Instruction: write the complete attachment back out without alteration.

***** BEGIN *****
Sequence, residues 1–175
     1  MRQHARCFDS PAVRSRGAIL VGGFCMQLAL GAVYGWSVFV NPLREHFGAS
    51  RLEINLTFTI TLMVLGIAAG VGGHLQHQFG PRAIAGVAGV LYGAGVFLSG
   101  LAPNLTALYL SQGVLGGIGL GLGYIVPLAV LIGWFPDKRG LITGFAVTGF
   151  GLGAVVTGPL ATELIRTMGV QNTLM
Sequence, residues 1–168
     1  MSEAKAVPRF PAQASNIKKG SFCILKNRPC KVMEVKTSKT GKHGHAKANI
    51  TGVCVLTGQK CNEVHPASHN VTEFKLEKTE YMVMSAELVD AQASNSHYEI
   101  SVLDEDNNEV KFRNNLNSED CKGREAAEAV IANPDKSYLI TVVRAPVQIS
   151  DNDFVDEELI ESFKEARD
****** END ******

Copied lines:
Sequence, residues 1–175
     1  MRQHARCFDS PAVRSRGAIL VGGFCMQLAL GAVYGWSVFV NPLREHFGAS
    51  RLEINLTFTI TLMVLGIAAG VGGHLQHQFG PRAIAGVAGV LYGAGVFLSG
   101  LAPNLTALYL SQGVLGGIGL GLGYIVPLAV LIGWFPDKRG LITGFAVTGF
   151  GLGAVVTGPL ATELIRTMGV QNTLM
Sequence, residues 1–168
     1  MSEAKAVPRF PAQASNIKKG SFCILKNRPC KVMEVKTSKT GKHGHAKANI
    51  TGVCVLTGQK CNEVHPASHN VTEFKLEKTE YMVMSAELVD AQASNSHYEI
   101  SVLDEDNNEV KFRNNLNSED CKGREAAEAV IANPDKSYLI TVVRAPVQIS
   151  DNDFVDEELI ESFKEARD